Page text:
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Let $\kappa$ be a singular cardinal, and let $\langle \kappa_i \mid i<\mathrm{cf}(\kappa) \rangle$ be an increasing sequence of regular cardinals cofinal in $\kappa$. Recall that a scale on $\Pi_{i<\mathrm{cf}(\kappa)} \kappa_i$ is a sequence $\langle f_\alpha \mid \alpha < \kappa^+ \rangle$ such that:

  1. For every $\alpha < \kappa^+$, $f_\alpha \in \Pi_{i<\mathrm{cf}(\kappa)} \kappa_i$.
  2. For every $\alpha < \beta < \kappa^+$, there is $i < \mathrm{cf}(\kappa)$ such that $f_\alpha <_i f_\beta$, i.e. for every $j\geq i$, $f_\alpha(j) < f_\beta(j)$.
  3. For every $g\in \Pi_{i<\mathrm{cf}(\kappa)} \kappa_i$, there is $\alpha < \kappa^+$ and $i < \mathrm{cf}(\kappa)$ such that $g <_i f_\alpha$.

Question: Is it consistent that there is a scale on $\Pi_{i<\mathrm{cf}(\kappa)} \kappa_i$ such that, for every $\beta < \kappa^+$ and every $i<\mathrm{cf}(\kappa)$, $\left|{\{\alpha < \beta \mid f_\alpha <_i f_\beta\}}\right| < \kappa$ ?

My intuition is that the answer should be no, but I haven't been able to find a proof.

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I have a negative answer assuming some mild cardinal arithmetic assumptions. Namely, if $(\kappa_i)^i < \kappa$ for every $i<\mathrm{cf}(\kappa)$, then there can be no scale with the desired property. This is true, for example, whenever $\mathrm{cf}(\kappa) = \omega$ or $\kappa$ is strong limit. We also make the harmless assumption that $\mathrm{cf}(\kappa) < \kappa_0$.

Assume for sake of contradiction that $\langle f_\alpha \mid \alpha < \kappa^+ \rangle$ is such a scale. For $j<\mathrm{cf}(\kappa)$, define $g_j \in \Pi_{i<\mathrm{cf}(\kappa)}\kappa_i$ as follows: Using the fact that $(\kappa_j)^j < \kappa$, fix $B_j \subseteq \kappa^+$ and $f \in \Pi_{i\leq j}\kappa_i$ such that $\left|{B_j}\right|=\kappa_j$ and, for every $\alpha \in B_j$ and $i\leq j$, $f_\alpha(i)=f(i)$. For $i\leq j$, let $g_j(i)=f(i)+1$. For $i>j$, let $g_j(i)=\sup(\{f_\alpha(i)+1 \mid \alpha \in B_j \})$. Now define $g \in \Pi_{i<\mathrm{cf}(\kappa)}\kappa_i$ by letting $g(i)=\sup(\{g_j(i) \mid j<\mathrm{cf}(\kappa) \})$. Finally, find $\beta < \kappa^+$ and $i<\mathrm{cf}(\kappa)$ such that $g <_i f_\beta$. Letting $B = \bigcup_{j<\mathrm{cf}(\kappa)}B_j$, we have that $\left|{B}\right| = \kappa$ and $f_\alpha <_i f_\beta$ for every $\alpha \in B$. Contradiction.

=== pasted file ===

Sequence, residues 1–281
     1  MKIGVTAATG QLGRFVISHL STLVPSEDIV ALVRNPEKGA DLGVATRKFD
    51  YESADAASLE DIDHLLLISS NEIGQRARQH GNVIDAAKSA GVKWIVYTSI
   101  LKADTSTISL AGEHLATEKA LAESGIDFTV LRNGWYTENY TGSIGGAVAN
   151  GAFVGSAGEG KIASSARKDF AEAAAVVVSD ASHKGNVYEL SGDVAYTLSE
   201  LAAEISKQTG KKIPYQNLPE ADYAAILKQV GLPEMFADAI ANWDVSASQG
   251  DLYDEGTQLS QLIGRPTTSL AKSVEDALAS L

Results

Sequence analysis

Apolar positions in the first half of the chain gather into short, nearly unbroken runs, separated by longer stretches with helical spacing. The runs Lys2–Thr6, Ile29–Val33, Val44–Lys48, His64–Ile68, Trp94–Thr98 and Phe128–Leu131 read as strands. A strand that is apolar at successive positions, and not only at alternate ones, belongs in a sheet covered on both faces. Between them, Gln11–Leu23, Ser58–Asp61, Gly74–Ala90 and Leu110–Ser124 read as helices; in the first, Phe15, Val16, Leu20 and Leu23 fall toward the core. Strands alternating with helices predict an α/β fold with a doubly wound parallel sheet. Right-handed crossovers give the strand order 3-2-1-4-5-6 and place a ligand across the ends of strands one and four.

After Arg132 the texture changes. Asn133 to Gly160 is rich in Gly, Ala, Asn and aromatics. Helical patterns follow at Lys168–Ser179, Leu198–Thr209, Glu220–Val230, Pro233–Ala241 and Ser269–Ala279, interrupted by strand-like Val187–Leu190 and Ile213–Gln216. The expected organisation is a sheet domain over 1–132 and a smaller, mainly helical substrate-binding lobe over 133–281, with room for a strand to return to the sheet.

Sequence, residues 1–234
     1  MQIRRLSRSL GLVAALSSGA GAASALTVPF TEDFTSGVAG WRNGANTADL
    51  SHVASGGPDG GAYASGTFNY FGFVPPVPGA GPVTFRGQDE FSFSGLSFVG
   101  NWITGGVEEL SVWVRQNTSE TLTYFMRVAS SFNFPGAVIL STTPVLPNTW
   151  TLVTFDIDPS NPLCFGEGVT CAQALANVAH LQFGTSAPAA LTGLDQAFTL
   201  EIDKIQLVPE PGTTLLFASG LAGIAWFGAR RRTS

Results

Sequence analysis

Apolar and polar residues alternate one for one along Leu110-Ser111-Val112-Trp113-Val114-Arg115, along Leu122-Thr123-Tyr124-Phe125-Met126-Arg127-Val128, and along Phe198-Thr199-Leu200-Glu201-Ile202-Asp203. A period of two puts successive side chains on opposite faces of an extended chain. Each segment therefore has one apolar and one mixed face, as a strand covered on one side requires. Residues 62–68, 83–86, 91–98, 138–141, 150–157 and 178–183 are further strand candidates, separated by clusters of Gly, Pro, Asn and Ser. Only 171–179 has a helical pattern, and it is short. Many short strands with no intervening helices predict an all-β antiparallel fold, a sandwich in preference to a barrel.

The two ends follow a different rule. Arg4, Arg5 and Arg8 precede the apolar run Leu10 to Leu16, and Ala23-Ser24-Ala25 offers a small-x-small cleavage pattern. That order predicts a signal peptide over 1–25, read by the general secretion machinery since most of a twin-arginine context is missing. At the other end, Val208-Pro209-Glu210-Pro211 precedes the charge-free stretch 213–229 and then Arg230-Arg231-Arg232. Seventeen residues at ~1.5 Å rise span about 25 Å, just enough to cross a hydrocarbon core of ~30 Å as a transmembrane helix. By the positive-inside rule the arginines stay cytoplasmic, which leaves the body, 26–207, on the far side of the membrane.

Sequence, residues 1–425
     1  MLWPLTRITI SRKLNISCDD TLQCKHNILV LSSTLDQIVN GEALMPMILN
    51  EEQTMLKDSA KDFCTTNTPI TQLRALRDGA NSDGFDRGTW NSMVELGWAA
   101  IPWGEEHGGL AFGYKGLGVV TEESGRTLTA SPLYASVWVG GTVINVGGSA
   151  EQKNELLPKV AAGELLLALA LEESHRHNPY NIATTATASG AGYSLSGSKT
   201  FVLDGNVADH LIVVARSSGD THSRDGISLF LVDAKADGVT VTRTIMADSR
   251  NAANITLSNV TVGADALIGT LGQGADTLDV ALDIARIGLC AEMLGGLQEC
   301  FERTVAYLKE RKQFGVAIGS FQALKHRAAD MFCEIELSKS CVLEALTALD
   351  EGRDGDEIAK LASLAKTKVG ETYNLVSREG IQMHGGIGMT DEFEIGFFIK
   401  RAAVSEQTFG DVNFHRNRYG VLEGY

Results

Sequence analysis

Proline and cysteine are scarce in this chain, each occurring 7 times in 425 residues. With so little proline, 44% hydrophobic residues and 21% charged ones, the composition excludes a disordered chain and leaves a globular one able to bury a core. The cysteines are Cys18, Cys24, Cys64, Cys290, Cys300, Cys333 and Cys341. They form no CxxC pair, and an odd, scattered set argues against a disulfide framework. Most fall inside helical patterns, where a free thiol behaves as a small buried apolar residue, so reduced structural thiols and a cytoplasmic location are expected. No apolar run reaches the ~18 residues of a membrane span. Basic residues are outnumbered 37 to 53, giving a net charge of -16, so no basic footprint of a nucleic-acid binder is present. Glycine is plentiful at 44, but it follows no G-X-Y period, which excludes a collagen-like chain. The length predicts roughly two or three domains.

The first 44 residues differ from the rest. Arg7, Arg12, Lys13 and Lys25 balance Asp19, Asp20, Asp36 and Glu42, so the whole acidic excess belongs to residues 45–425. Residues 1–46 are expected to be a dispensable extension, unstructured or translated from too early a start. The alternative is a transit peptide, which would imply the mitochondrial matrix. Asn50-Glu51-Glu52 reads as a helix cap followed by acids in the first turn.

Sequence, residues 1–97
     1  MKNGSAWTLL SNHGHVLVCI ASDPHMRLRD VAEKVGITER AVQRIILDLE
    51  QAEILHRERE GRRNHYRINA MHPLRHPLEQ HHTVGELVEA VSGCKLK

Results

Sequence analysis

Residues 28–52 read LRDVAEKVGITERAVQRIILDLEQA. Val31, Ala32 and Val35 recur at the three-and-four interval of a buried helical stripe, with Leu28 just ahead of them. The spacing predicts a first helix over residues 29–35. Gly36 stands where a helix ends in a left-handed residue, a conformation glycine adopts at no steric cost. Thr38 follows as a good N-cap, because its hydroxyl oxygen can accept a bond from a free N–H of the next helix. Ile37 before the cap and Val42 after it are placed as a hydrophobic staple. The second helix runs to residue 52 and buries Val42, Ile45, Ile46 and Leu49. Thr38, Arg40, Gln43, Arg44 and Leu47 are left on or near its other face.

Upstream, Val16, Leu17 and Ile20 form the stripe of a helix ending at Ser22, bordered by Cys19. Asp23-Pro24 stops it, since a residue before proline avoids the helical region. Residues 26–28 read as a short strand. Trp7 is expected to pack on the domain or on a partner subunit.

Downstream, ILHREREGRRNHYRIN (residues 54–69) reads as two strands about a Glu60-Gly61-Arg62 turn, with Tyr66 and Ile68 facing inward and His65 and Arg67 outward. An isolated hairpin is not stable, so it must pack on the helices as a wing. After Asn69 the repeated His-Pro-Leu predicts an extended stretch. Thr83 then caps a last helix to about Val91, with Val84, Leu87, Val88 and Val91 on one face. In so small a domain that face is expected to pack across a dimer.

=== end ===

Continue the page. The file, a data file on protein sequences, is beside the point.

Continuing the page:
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Shelah's Dichotmoy theorem (see link text) says more or less that both options are valid. Every increasing sequence can either:

a) Have an exact upper bound (in which case your condition fails.)

b) Or have an "interleaved cofinal sequence" i.e. another (very small length) sequence is "interleaved" with the original one, in which case your condition must hold.

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Isn't it the trichotomy theorem? – Asaf Karagila Jan 22 '13 at 23:26
I'm not entirely sure what you're saying here. The entire scale certainly does have an exact upper bound, namely the function $g$ with $g(i)=\kappa_i$. On the other hand, I don't see how an initial segment $\langle f_\alpha \mid \alpha < \beta \rangle$ for $\beta < \kappa^+$ of the scale having an e.u.b. (and it will for stationarily many $\beta$) implies that my condition fails or that having a small cofinally interleaved sequence implies that it holds. Also, the Dichotomy theorem is about functions increasing modulo an ultrafilter, not modulo the bounded ideal. Please elaborate. – Chris Lambie-Hanson Jan 23 '13 at 4:00
- Filters vs. ideals - a similar theorem (Trichotomy) exists for ideal increasing sequences of functions. - Re. e.u.b - you are right. In case of a scale each least upper bound of a sequence modulo an ideal, is also an exact upper bound (removing 3. in your question is more interesting). In that case let me suggest the following: order the scale on a tree, using the $\lt$ order. Thus assuming your condition, each level has size $\lt \kappa$. The fact that the scale is $\kappa^+$-long entails the $\kappa^+$-Aronszajn property, which we know is independent. – Eran Jan 23 '13 at 11:56
Re. "having a small cofinally interleaved sequence implies that it holds" - if you have such a (short - usually $2^{cf(κ)}$) interleaved sequence $S$, then you cannot have a $\kappa$-size set of $\lt_i f_\beta$ for any $\beta$ as you will have to have at least $\kappa$ elements in the short sequence $S$ - impossible. – Eran Jan 23 '13 at 12:12
Even in the Trichotomy theorem, the small cofinally interleaved family of functions is only cofinally interleaved modulo an ultrafilter, not necessarily the bounded ideal. Also, the scale ordered by $<$ is not necessarily a tree - it is quite possible that the $<$-predecessors of a given $f_\alpha$ are not linearly ordered. Even if it were a tree, my condition would not imply that it had levels of size $<\kappa$. In fact, the tree would have to have height $<\kappa$. – Chris Lambie-Hanson Jan 23 '13 at 17:06

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